The word holiness ought not to be tossed about too lightly, as though the reality were easily reached. There is a danger that an overworked and casual evocation of holiness as the goal of life reduces the immense challenge of giving all to God to a manageable habit of steady, low-cost generosities. Dorothy Day kept on her bedside table a striking phrase of Dostoevsky that conveys, by contrast, the starker reality of a true offering: “Love in action is a harsh and dreadful thing compared to love in dreams.” It is precisely the harsh and dreadful nature of sacrificial love that makes such love and the offering that accompanies it most fruitful for the salvation of souls.
A task in prayer that must be repeated with regularity: to search for the deeper solitary region of the heart where a single word spoken in silence has more impact on our soul than hours of replete eloquence taking place at the shallows of life.
~ A Reflection by Father Donald Haggerty, ‘The Contemplative Hunger’
The Mystic Face
I never try to probe the sky’s blue span: I never look to deep into the sea But the dim face of a tragedian looks out at me.
Neither the night nor day can find a place where I have not been shaken with surprise at the white beauty of a holy face and two great lonely eyes.
~ A poem by Sister Miriam of the Holy Spirit (Jessica Powers), O.C.D.
You are my private garden, my treasure, my bride, a secluded spring, a hidden fountain. ~ Song of Solomon 4:12
When you are eager in the tiny portion that is your garden, when you are tying strings to give the stalks of the sweet peas their balance so flowers may alight on them like wings of pastel butterflies; when you appraise with glowing face the lilies and carnations (scent is to charm and color to amaze), I think: she has not found the loveliest blossom.
There is a flower full of mystery between this wall and that, amid this green. I found it but to bear it back to secret. It is a flower God and I have seen, and I not till I looked at it with Him.
Hidden and unpredictable and shy, it was not given to be shared, not even with you, little lover of fragrance. (Oh, with you least of all!) Plucked from the soft soil of your unawareness, uprooted from my silence, it would die. I keep it then, God’s individual favor, the private bloom I scent my storerooms by.
~ A poem by Sister Miriam of the Holy Spirit (Jessica Powers), O.C.D.
In the Gospel of John we read how Mary of Bethany takes a whole bottle of expensive pure nard and pours it out over the feet of Jesus (Jn 12:1-8). This bottle contains a fortune, the costliest and very best that Mary has. When she has poured it out over Jesus’ feet, she dries them with her hair. What a waste! She uses no towel to dry his feet; she uses her hair, herself.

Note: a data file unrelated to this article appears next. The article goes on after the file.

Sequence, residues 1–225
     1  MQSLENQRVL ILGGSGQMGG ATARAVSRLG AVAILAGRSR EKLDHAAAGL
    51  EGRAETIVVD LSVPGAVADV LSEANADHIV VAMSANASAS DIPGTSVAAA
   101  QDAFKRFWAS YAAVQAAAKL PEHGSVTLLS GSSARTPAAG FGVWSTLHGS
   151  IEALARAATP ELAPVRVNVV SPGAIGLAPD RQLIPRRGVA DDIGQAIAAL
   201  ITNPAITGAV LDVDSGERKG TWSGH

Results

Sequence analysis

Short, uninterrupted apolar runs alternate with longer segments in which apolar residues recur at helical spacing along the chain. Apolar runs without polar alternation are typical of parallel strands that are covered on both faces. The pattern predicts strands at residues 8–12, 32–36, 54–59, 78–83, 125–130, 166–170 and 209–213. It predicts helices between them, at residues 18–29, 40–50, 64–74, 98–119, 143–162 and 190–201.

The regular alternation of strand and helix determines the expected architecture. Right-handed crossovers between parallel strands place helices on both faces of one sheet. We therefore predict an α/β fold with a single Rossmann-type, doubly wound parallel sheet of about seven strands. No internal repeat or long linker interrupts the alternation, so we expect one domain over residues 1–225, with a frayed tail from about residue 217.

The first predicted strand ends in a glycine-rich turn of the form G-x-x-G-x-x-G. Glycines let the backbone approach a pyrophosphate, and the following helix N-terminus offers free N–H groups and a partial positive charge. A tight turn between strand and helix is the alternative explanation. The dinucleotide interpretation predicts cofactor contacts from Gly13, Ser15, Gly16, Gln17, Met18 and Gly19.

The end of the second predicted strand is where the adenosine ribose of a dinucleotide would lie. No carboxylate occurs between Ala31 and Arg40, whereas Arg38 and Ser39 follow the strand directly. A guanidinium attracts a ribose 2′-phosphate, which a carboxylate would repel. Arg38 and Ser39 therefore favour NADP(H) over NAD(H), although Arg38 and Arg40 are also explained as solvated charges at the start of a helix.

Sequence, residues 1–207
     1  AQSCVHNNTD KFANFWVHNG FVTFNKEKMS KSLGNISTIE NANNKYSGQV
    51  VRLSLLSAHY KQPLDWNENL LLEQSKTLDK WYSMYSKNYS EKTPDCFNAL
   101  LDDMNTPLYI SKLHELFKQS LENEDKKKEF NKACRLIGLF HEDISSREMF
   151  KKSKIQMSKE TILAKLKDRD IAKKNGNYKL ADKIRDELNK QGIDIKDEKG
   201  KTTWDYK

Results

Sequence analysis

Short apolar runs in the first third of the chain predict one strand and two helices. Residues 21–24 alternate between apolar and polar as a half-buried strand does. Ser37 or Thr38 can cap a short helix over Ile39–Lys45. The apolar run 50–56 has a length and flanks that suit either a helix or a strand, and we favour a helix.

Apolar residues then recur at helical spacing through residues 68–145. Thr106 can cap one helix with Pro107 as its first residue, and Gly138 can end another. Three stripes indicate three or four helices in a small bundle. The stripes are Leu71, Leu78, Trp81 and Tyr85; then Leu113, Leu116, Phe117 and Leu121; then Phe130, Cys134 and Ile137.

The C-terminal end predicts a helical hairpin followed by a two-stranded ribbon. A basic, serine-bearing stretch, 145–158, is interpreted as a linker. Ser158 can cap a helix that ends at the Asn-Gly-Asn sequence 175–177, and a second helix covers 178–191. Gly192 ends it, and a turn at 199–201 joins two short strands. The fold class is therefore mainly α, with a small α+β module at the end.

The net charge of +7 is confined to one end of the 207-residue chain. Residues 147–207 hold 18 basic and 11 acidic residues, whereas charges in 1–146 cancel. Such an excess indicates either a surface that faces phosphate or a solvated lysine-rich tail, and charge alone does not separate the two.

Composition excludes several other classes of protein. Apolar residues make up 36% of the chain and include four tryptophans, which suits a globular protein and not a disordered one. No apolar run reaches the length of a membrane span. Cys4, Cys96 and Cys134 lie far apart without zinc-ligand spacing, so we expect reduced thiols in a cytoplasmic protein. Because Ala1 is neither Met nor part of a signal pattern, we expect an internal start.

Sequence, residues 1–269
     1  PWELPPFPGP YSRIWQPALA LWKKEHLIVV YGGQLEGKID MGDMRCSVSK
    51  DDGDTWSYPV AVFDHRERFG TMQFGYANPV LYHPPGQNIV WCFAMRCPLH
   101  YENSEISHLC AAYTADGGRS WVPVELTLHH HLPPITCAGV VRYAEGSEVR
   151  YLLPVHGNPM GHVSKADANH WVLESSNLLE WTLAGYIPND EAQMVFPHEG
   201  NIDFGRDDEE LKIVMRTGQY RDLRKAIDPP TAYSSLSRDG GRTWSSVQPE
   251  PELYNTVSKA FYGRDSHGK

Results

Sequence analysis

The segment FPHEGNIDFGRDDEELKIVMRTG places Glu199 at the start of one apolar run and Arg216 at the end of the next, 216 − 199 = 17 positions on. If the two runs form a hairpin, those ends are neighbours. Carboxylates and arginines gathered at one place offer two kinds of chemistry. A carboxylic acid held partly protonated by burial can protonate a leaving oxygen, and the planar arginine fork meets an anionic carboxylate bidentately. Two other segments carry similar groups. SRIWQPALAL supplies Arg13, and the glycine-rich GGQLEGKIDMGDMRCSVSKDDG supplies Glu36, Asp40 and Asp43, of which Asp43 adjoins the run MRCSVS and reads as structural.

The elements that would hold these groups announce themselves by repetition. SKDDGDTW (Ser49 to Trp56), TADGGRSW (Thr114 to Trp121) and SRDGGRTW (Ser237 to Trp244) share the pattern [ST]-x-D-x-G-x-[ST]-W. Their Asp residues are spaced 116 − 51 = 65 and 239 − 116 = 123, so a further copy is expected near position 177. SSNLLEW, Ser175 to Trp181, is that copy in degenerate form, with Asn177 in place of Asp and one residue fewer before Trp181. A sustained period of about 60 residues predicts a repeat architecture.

Since that time, there have always been people who feel drawn, yes forced to do as Mary. People, who in their innermost being know that they must give everything, not just what they have, but what they are. They must give their whole self. They must give it all at once. They don’t even ask what purpose it serves. But the whole Church, the whole world, is filled with the fragrance of their devotion.
There is no other incident in the gospel which so clearly expresses the uniqueness of the contemplative life. Those who enter such a life, whether in a monastery or in society, ask no questions about their talents and whether these will bear fruit, nor do they ask whether the contemplative life will develop their personality. All they think about is to give all their love to the Lord, spreading a fragrance everywhere.
~ A Meditation by Wilfrid Stinissen, O.C.D.
by Blessed John Henry Newman
Dear Jesus, help us to spread Your fragrance everywhere we go. Flood our souls with Your Spirit and Life. Penetrate and possess our whole being so utterly, that our lives may only be a radiance of Yours. Shine through us, and be so in us, that every soul we come in contact with may feel Your presence in our soul. Let them look up and see no longer us but only Jesus! Stay with us and then we shall begin to shine, as You shine; So to shine as to be a light to others; the light, O Jesus, will be all from You, none of it will be ours; it will be You shining on others through us.
Let us thus praise You in the way You love best, by shining on those around us.
Let us preach You by our words and by our example,
by the catching force, the sympathetic influence of what we do,
the evident fullness of the love our hearts bear to You.